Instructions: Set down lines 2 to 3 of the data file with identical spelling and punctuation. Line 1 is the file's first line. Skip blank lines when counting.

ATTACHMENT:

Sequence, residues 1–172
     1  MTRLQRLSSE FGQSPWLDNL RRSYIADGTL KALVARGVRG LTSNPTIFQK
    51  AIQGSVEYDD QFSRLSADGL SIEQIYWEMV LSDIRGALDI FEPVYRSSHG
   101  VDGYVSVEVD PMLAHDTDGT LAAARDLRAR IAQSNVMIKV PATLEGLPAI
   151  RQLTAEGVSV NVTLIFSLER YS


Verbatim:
     1  MTRLQRLSSE FGQSPWLDNL RRSYIADGTL KALVARGVRG LTSNPTIFQK
    51  AIQGSVEYDD QFSRLSADGL SIEQIYWEMV LSDIRGALDI FEPVYRSSHG